For a look at how clinging to “because that’s our brand” isn’t always a good thing, I invite you to travel back in time to 1983 Milan, Italy, when a fellow by the name of Howard Schultz happened into a coffee house and emerged with a cup of espresso and an epiphany.

Never had Schultz had a coffee experience like that one. The intimate surroundings, the aroma, the barista’s expertise and showmanship, the dark, rich flavor of the espresso—all of these things fueled his imagination. He returned to the U.S. with a new vision for the company he’d recently bought into. No longer would Schultz be content with a company that only roasted and sold coffee beans. He was going to open coffee houses everywhere so his customers could bask in the same experience that overwhelmed him in Milan.

His partners were unmoved, so they parted ways. They would launch and make a success of Peet’s Coffee, with which you’re undoubtedly familiar. Remaining behind, Schultz set about raising capital in order to morph a one-location coffee roasting company, Starbucks, also with which you’re undoubtedly familiar, into a chain of Italian-style coffee houses.

From the get-go, Schultz showed an intrinsic understanding of brand substance. He was passionate about recreating in the U.S. the experience that had captured him in Milan. We do it the way the do it in Italy proved a great guiding principle for delivering a consistent, quality product in a consistent, pleasing setting.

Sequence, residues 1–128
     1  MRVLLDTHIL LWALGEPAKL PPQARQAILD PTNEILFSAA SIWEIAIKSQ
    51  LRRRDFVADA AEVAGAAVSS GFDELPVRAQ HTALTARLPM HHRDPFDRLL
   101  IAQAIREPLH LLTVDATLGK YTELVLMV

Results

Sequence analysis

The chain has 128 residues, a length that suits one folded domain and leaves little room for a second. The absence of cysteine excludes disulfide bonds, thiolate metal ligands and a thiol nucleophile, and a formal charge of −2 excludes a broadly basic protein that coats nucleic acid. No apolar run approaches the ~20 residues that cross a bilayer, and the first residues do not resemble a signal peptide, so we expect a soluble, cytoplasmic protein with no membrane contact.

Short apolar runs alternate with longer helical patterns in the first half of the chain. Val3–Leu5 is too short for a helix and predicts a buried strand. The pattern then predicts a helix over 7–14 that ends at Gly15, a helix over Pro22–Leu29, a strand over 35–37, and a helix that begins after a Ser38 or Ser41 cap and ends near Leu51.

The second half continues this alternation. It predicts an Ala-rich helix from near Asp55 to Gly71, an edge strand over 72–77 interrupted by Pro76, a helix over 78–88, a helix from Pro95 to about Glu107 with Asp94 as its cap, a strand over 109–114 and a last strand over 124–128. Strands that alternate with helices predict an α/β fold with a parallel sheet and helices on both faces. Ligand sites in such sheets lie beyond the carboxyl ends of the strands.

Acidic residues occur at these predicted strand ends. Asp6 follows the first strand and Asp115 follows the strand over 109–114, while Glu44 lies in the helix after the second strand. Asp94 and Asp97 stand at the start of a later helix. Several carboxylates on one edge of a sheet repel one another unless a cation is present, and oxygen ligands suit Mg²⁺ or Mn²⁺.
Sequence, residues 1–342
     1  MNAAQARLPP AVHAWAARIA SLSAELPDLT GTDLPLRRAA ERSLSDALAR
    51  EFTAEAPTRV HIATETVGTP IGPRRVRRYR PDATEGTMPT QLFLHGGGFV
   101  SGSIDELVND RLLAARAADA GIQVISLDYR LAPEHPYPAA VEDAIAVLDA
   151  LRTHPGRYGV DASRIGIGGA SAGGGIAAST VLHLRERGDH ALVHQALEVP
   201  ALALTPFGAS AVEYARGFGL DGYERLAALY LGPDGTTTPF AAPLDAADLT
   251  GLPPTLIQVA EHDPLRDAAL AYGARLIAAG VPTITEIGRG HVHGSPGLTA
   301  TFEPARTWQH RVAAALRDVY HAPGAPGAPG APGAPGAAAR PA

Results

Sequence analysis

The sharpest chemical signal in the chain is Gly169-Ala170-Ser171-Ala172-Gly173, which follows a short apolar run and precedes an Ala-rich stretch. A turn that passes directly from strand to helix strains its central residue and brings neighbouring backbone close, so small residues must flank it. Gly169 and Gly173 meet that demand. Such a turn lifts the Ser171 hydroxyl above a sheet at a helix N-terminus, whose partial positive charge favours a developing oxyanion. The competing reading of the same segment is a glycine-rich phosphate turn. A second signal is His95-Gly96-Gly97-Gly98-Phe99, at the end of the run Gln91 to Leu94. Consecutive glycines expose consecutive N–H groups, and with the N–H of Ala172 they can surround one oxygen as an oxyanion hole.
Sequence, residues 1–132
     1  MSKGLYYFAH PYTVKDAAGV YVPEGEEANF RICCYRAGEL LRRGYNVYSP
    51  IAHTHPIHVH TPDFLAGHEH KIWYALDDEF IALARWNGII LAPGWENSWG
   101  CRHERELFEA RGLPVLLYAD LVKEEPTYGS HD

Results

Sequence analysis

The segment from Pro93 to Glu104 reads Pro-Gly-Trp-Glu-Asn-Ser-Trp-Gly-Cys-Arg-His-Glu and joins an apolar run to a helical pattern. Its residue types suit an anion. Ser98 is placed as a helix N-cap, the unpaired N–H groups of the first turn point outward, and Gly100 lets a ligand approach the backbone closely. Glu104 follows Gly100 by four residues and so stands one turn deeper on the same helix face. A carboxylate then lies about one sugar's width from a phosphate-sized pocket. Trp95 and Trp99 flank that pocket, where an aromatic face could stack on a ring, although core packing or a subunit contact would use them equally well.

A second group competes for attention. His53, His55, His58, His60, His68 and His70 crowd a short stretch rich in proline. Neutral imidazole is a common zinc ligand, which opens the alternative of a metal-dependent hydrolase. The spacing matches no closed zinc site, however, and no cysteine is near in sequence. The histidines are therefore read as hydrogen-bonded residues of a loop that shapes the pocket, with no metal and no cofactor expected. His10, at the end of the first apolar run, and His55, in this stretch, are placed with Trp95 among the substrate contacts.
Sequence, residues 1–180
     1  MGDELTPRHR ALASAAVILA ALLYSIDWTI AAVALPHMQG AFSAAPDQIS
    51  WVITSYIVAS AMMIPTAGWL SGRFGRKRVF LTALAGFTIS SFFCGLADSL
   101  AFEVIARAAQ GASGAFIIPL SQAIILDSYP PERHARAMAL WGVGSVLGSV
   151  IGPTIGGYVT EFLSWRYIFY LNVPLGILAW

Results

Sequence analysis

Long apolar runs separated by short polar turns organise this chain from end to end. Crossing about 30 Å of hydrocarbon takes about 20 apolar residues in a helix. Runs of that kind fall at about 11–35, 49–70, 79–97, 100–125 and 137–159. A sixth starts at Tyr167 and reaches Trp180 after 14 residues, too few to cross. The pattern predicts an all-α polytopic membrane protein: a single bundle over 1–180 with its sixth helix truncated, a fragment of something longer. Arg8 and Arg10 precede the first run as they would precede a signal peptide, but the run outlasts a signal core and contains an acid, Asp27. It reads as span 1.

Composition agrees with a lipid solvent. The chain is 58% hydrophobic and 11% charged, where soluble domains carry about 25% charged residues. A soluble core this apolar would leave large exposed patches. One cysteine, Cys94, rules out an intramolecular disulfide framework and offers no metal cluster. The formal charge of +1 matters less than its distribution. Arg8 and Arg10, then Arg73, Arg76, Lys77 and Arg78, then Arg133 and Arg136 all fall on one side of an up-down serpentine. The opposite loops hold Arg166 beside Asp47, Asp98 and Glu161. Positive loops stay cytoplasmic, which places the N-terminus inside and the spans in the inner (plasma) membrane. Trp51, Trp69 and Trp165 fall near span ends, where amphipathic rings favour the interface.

But sometimes the flipside—If they don’t do it in Italy, neither will we—proved something of a millstone.

One instance of the flipside came in the form of refusing to accommodate a growing demand for nonfat lattes. For one thing, Schulz didn’t like how nonfat lattes tasted. For another and more important, no self-respecting Italian barista would serve a nonfat latte, so therefore neither would Starbucks. The issue mushroomed into one of the company’s most heated internal debates. What eventually brought Schultz to his senses was seeing, first-hand, a customer abandon Starbucks for a competitor rather than drink what Schultz thought she should drink. Americans, it seems, don’t always care how it’s done in Italy. And they for sure don’t care whether Schultz agrees with their taste.